Sinus bradycardia fulfills the criteria for sinus rhythm but the heart rate is slower than 50 beats per minute. Sinus bradycardia is considered a normal finding during the following circumstances:
- During sleep.
- Well-trained individuals have sinus bradycardia at rest due to high vagal tone. These individuals have developed a highly efficient left ventricle, capable of generating sufficient cardiac output at low heart rates.
- During vasovagal syncope (e.g during intense emotional stress)
- During vagal maneuvers (Valsalva maneuver, carotid sinus [baroreceptor] stimulation).
- Its not uncommon to discover sinus bradycardia in healthy young individuals who are not well-trained. This is also a normal finding.
These are the physiological causes of sinus bradycardia. In all other situations, sinus bradycardia should be regarded as a pathological finding. The following differential diagnosis should be considered:
- Myocardial ischemia/infarction – particularly ischemia/infarction located to the inferior wall of the left ventricle.
- Sinus node dysfunction.
- Side effects of drugs (e.g beta blockers, digitalis, verapamil, diltiazem, amiodarone, klonidin).
- Increased intracranial pressure (manifests with sinus bradycardia and hypertension).
Figure 1 shows sinus bradycardia at paper speed 25 mm/s.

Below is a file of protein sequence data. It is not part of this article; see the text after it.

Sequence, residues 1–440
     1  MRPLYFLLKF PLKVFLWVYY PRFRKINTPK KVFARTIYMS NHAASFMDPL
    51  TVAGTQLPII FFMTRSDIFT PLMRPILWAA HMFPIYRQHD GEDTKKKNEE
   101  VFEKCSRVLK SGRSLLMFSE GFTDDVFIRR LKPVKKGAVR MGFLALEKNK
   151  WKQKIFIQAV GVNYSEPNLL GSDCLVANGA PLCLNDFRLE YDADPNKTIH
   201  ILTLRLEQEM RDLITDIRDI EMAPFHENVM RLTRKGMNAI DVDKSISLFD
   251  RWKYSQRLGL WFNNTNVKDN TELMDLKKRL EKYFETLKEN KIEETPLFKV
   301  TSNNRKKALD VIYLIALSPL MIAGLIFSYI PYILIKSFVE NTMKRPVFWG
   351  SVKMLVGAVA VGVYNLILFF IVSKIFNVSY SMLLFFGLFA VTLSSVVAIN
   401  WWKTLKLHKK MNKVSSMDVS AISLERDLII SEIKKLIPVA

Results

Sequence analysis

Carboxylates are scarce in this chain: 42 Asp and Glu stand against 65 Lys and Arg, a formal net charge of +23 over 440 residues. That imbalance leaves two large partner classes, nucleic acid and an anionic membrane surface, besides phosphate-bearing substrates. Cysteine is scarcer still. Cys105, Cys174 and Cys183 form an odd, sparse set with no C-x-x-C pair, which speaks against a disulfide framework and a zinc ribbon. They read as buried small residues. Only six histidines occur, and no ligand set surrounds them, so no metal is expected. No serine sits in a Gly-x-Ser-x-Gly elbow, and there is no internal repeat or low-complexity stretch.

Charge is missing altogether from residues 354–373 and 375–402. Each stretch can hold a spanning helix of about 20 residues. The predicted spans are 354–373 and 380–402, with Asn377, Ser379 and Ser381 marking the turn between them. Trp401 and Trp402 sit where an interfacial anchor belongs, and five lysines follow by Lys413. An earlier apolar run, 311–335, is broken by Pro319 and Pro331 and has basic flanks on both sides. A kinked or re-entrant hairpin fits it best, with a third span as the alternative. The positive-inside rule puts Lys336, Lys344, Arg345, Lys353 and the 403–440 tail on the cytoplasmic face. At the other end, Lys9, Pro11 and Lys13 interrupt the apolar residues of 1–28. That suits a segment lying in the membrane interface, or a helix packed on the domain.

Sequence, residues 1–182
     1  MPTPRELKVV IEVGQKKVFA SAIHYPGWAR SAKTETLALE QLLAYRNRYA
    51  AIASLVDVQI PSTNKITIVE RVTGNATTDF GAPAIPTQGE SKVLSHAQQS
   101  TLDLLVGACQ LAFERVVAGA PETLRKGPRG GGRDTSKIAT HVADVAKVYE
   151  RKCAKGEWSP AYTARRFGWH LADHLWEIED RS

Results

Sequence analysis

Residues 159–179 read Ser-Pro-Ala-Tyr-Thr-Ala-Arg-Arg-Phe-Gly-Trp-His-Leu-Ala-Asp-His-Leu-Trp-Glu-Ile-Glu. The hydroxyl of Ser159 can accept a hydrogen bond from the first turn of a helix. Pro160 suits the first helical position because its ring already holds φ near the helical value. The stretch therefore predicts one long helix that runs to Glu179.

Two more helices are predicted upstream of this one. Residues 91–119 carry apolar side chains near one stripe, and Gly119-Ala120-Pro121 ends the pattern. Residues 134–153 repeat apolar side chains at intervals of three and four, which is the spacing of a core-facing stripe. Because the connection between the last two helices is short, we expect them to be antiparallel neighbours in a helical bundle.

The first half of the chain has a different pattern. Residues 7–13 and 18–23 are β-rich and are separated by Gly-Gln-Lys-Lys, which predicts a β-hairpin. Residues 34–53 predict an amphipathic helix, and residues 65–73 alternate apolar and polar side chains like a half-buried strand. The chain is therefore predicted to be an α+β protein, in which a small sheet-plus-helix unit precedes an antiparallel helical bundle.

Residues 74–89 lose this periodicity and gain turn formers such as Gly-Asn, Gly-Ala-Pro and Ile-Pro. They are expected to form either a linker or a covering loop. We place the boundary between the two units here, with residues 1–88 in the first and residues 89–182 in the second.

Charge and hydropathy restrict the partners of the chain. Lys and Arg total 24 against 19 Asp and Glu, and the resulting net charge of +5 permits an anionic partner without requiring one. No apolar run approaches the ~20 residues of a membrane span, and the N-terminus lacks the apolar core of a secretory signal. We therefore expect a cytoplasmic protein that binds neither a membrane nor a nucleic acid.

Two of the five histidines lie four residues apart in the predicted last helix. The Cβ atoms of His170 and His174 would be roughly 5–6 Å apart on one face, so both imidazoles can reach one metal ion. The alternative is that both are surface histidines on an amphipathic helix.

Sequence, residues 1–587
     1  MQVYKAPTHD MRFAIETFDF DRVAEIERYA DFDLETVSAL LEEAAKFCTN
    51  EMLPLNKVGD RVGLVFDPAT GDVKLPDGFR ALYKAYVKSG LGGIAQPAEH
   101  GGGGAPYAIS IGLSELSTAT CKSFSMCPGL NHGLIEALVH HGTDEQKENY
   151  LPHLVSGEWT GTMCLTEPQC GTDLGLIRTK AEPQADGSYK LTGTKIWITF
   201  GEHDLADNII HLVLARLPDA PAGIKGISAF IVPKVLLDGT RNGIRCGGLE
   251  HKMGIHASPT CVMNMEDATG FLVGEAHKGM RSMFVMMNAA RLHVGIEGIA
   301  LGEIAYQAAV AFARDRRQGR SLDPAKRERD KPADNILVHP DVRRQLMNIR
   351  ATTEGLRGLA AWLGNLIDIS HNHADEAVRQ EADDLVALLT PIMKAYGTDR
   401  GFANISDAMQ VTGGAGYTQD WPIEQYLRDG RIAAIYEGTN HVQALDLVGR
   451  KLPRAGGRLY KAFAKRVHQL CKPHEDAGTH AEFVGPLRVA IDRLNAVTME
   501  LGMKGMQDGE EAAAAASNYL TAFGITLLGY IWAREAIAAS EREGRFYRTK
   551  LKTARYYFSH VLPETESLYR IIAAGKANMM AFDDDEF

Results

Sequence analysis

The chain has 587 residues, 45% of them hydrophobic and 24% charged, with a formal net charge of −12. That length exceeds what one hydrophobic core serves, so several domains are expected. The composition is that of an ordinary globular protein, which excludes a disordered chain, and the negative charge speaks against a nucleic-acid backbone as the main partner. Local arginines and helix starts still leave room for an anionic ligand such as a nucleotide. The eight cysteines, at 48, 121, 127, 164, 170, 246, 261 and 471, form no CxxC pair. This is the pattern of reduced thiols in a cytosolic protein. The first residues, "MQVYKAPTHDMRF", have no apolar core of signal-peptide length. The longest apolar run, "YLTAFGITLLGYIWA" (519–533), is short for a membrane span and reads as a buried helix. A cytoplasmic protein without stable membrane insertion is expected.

Figure 1. Sinus bradycardia. Paper speed 25 mm/s. Calculate the rate by dividing 300 by the number of large boxes between two cycles (e.g between two R waves). As seen in the figure, there are approximately 6.5 large boxes between two R waves. 300/6.5 equals 46 beats/min.
Treatment of sinus bradycardia
Benign causes of sinus bradycardia do not necessitate treatment. In all other situations it is necessary to find the underlying cause and direct treatments towards it. The most common causes are sinus node dysfunction, side effects of medications or ischemia/infarction.
When the bradycardia causes hemodynamic symptoms it should be treated. Treatment of bradycardia is discussed separately.
Note that sinus bradycardia due to ischemia located to the inferior wall of the left ventricle is typically temporary and resolves within 1–2 weeks. Sinus bradycardia in infarction/ischemia is discussed separately.